The CBOE Options Total Put/Call Ratio confirms the recent advance of the overall market. Investors are buying less puts as they believe that the market could move even higher. The daily chart below shows $CPC with a couple of moving averages. The 10-day SMA sharply turned down and is moving lower. The correlation coefficient between $CPC and $SPX the S&P 500 index is back to normal which is negative.
The daily chart below shows CPC, the CBOE Options Total Put/Call Ratio. CPC is increasing when investors start to get more bearish and want to protect their portfolio by buying more put options. The Total Put/Call Ratio has been sharply increasing in the past two weeks. Normally the correlation between the Total Put/Call Ratio and the S&P 500 is negative but notice how recently this correlation turned positive meaning they are both moving in the same direction, higher. You can see the correlation coefficient in the indicator window below the chart.
$CPC, the CBOE Options Total Put/Call Ratio is slowly advancing. $CPC is a sentiment indicator showing the Put volume relative to the Call volume. It is increasing when more Puts are trading than Call options. This means that investors are expecting a bearish development in the future. Also notice below the chart that the correlation coefficient to the S&P 500 index is -.20 and turning up. Normally the 20-period correlation coefficient is less than -.50.
$CPC, the CBOE total Put/Call ratio has been below its 200-day moving average for over three months. Since the beginning of 2014 it's been moving higher as investors want to protect their portfolios with buying more put options. As you can see below the chart, $CPC is mostly negatively correlated to the S&P 500 index.
The chart below shows $CPC, the total Put/Call ratio with the 10-day moving average. When $CPC is moving higher investors are buying more puts than calls and they have bearish bias. $CPC is a sentiment indicator and is mostly negatively correlated to the S&P 500 as you can see below the chart. $SPX, the S&P 500 index is in the background.
The chart below shows CPC, the Total Put/Call Ratio with a couple of indicators below that. The first one is TRIX a momentum oscillator similar to MACD. The Main difference is that TRIX is triple-smoothed and is calculated as follows:
The TRIX indicator below shows that it crossed above its signal line which is bullish for CPC but not as much tor the stock market. What it means is that options traders are increasingly buying puts. The correlation between CPC and S&P 500 is mostly negative as you can see on the third indicator.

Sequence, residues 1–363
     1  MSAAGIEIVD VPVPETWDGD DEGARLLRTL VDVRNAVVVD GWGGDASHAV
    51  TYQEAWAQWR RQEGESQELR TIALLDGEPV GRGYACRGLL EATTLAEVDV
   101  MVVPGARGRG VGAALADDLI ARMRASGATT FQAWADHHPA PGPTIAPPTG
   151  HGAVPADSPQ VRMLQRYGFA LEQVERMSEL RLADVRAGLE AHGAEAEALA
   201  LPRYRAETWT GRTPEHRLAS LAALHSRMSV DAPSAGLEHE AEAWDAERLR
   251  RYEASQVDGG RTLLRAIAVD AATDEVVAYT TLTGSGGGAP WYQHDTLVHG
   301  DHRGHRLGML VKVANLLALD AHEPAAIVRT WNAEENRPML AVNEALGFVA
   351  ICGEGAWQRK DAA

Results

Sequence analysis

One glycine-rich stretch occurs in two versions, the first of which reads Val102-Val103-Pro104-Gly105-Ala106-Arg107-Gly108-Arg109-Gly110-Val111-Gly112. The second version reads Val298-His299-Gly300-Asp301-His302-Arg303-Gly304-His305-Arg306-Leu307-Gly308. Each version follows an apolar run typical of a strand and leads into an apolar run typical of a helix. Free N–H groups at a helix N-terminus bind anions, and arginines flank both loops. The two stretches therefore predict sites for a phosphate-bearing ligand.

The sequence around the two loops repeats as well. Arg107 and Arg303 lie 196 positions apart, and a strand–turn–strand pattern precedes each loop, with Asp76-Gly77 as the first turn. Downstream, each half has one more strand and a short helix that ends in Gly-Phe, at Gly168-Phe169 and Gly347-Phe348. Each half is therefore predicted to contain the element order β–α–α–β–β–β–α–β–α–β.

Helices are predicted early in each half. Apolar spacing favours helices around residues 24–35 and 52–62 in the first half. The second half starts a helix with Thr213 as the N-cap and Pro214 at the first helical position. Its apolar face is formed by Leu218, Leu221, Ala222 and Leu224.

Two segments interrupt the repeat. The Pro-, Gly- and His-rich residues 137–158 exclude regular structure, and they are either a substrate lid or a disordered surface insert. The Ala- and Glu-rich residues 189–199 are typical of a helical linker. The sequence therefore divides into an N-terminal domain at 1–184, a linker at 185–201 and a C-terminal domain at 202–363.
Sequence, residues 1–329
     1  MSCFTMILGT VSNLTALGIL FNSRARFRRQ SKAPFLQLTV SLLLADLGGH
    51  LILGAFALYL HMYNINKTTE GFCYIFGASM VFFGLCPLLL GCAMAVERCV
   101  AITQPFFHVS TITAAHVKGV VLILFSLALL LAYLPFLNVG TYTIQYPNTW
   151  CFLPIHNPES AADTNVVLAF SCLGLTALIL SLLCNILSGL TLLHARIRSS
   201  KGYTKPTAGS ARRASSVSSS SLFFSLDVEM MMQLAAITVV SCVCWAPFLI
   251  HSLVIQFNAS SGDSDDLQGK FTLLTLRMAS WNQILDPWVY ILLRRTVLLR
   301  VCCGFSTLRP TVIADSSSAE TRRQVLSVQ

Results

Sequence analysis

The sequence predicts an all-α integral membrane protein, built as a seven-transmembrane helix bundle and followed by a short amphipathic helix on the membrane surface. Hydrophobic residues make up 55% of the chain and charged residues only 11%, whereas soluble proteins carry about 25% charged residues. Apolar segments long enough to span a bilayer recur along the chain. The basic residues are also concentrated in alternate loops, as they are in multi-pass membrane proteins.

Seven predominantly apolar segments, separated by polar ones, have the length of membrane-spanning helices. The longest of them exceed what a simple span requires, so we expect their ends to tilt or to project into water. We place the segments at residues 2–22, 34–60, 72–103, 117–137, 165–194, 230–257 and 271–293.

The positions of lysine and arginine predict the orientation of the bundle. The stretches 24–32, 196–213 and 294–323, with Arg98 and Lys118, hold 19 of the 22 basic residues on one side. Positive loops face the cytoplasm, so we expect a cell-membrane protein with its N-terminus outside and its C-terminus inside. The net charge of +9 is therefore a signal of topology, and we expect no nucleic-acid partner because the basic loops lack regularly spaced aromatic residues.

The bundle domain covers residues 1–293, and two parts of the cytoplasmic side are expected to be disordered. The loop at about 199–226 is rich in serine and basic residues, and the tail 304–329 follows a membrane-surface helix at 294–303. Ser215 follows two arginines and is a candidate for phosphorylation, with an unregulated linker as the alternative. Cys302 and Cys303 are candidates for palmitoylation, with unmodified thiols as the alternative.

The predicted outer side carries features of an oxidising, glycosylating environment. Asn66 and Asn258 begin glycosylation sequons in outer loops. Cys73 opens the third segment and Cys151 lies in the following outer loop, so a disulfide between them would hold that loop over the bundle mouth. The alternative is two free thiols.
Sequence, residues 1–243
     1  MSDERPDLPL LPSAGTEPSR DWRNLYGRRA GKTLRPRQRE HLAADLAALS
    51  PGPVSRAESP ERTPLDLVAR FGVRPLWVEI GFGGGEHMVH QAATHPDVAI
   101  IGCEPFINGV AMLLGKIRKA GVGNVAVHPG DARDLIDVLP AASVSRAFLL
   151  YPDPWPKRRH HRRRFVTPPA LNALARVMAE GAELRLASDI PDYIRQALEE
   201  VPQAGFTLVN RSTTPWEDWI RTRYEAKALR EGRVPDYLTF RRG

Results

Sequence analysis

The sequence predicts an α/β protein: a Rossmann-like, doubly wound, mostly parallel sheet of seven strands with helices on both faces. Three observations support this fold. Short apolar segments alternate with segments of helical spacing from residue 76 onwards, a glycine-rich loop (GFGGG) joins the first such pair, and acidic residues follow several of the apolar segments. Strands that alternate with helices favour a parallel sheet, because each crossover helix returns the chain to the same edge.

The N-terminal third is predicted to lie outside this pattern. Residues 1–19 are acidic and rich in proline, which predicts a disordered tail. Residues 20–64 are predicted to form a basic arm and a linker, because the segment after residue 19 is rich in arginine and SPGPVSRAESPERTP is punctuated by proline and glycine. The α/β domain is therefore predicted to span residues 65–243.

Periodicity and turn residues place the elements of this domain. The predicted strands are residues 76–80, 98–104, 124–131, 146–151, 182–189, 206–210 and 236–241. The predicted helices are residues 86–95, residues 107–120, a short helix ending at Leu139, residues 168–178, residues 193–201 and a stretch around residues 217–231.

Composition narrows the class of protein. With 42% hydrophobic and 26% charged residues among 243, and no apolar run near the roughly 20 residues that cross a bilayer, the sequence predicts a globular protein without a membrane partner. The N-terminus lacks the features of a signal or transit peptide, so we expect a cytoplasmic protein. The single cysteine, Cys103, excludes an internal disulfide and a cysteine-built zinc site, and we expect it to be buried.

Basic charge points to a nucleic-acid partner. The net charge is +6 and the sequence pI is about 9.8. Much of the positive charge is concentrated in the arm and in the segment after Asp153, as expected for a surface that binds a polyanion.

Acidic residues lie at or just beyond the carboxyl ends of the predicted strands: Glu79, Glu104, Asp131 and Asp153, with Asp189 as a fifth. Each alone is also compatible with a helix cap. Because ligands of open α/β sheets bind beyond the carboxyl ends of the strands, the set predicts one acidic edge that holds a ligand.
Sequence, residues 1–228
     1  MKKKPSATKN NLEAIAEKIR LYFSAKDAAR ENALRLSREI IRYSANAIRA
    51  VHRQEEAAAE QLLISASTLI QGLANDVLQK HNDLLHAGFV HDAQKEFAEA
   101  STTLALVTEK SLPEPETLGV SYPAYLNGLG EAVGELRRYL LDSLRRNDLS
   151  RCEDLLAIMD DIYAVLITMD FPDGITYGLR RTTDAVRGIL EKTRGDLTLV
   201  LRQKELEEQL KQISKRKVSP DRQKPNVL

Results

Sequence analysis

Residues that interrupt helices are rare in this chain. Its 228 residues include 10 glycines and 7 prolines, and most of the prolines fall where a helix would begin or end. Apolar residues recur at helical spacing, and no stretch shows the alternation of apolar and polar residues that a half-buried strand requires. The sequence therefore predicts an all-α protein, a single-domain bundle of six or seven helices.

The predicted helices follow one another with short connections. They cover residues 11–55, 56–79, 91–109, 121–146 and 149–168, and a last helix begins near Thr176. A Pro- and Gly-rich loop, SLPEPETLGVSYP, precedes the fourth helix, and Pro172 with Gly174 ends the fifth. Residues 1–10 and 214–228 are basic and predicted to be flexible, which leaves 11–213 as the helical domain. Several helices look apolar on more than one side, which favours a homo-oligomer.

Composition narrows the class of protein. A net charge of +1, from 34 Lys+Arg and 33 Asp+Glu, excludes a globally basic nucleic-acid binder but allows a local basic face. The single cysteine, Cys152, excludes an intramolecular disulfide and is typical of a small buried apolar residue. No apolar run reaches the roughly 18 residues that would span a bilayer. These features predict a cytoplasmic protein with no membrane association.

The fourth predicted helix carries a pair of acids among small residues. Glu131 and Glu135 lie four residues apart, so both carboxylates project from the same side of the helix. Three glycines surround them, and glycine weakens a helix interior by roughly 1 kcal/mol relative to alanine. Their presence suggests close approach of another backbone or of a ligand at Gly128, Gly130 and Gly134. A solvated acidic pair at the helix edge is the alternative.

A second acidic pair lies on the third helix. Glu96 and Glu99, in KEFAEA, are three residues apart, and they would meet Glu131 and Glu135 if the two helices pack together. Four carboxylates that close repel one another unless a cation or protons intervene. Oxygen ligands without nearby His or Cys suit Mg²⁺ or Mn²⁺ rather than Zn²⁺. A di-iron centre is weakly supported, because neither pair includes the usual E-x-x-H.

The Put/Call Ratio is simply the Put Volume divided by the Call Volume:
Put/Call Ratio = Put Volume / Call Volume
The Put/Call Ratio can be calculated for individual securities or a large number of stocks or indexes or both. The Chicago Board Options Exchange (CBOE) has three popular Put/Call Ratios, the $CPCE is the Equity Put/Call Ratio, the $CPCI is the Index Put/Call Ratio and the $CPC is the Total Put/Call Ratio. The Total Put/Call Ratio often moves above and below the 1.0 horizontal line. Depending on market conditions the range of the Put/Call Ratio can change over time.
Investors are buying more puts to hedge against market weakness or bet on a decline. Calls are purchased to bet on market advance. When investors are extremely bullish the Put/Call Ratio reaches low levels and when they are extremely bearish it reaches high levels.
In this sense the Put/Call Ratio can be used as a sentiment indicator. It also can be used as a contrarian indicator. Extreme low levels on the Put/Call Ratio could be a sign of possible market decline and extreme high levels of Put/Call Ratio could be a sign of possible bullish reversal.
Currently $CPC, the Total Put/Call Ratio is on low level if we compare it to other lowest levels this year. This could be the sign of a short term bearish reversal.
See the chart below with the 10-day and 200-day SMA and with $SPX in the background. There is also a 1.0 horizontal line. The Correlation Coefficient shows that for the most part the correlation between $CPC and the S&P 500 is negative.